The sad tale of Dr. Wedajeneh’s failed marriages
Throughout the past two years at The University of Tennessee, I’ve had the wonderful opportunity to work with academic mentors who were both professors and other students. I received helpful guidance, company, and support from these individuals, all of which contributed to my growth both academically and emotionally.
Dr. Priscilla Blanton, the chair of my committee, who previously described herself as a “all-purpose” major professor, will always have my gratitude for assisting me in completing my goal. For their commitment to this initiative and their time, Drs. Lane Morris and Julia Malia, who are on my committee, deserve special recognition. My Fellowship Church small group’s care and support for me during this process has been greatly appreciated. my parents are the last.
The goals of this study were to: (a) investigate the beliefs of single undergraduate university students who have never been married regarding romantic relationships and marriage myths; (b) determine whether there were any gender differences, age differences, or differences between students from divorced and intact families of origin regarding beliefs regarding dysfunctional relationships; and (c) explore the potential for influence by sociodemographic variables.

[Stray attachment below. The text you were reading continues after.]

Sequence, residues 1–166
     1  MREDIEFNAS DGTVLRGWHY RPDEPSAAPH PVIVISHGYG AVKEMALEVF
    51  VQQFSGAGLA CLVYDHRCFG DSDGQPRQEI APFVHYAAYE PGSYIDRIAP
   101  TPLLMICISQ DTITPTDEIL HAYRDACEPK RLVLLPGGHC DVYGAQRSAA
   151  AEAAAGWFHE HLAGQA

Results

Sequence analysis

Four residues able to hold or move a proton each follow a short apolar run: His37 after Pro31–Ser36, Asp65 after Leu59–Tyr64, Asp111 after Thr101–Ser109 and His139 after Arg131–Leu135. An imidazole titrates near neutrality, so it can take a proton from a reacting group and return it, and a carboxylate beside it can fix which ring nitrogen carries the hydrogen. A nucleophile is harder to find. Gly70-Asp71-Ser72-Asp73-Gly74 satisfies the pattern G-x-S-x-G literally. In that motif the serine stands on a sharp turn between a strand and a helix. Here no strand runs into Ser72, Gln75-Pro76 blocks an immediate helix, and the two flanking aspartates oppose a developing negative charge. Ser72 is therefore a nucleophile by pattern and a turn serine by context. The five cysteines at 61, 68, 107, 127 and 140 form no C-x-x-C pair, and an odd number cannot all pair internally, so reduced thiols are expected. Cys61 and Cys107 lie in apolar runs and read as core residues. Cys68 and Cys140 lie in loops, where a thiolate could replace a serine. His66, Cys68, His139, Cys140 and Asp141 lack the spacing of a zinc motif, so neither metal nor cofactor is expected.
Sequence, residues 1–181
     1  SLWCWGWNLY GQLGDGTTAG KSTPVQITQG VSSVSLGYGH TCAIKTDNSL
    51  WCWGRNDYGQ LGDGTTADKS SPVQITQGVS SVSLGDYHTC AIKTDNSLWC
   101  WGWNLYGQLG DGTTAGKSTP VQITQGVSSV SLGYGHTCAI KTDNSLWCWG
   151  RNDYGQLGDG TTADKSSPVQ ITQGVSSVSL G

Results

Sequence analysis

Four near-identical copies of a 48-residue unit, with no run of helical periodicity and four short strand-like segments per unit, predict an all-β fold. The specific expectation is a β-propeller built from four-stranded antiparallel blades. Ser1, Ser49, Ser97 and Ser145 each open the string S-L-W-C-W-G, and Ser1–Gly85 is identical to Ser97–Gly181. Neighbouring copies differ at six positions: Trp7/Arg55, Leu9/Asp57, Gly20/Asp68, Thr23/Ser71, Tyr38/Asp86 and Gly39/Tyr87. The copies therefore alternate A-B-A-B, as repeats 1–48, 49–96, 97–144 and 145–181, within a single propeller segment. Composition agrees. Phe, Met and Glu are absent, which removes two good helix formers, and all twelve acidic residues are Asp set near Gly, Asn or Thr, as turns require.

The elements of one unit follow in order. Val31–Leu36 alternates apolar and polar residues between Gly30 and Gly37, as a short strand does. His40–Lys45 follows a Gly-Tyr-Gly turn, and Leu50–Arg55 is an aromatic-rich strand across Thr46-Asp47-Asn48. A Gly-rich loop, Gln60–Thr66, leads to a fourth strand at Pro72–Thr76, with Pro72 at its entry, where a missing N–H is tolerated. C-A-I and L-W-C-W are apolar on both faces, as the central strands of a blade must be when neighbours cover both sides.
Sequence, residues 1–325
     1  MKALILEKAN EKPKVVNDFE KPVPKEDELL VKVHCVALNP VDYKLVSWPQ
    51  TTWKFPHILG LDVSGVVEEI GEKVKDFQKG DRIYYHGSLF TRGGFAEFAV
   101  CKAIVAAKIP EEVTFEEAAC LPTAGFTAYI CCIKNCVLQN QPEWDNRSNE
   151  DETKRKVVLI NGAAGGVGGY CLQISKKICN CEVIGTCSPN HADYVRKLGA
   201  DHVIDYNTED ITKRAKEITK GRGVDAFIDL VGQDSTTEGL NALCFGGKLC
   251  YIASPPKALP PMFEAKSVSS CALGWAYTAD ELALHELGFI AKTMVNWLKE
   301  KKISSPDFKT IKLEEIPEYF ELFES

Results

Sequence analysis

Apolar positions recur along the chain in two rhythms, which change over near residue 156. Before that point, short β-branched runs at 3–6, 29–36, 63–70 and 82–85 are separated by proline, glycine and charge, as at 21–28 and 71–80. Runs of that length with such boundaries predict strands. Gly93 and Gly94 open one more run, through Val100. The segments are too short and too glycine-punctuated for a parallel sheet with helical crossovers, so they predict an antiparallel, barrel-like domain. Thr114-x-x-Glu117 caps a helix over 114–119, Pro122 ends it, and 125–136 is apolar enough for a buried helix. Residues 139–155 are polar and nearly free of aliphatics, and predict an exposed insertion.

The sample for this study consisted of 164 college students who were considered undergraduates and had never been married. Sociodemographic data revealed that 33% of the sample’s participants were male and 67% were female students between the ages of 17 and 20. The majority of the sample’s members (88%) identified as White Americans, while the remaining 31% were young adults (aged 21–24).
The biological parents of 65% of undergraduates were still living together, compared to 35% who had parents who were either divorced or separated.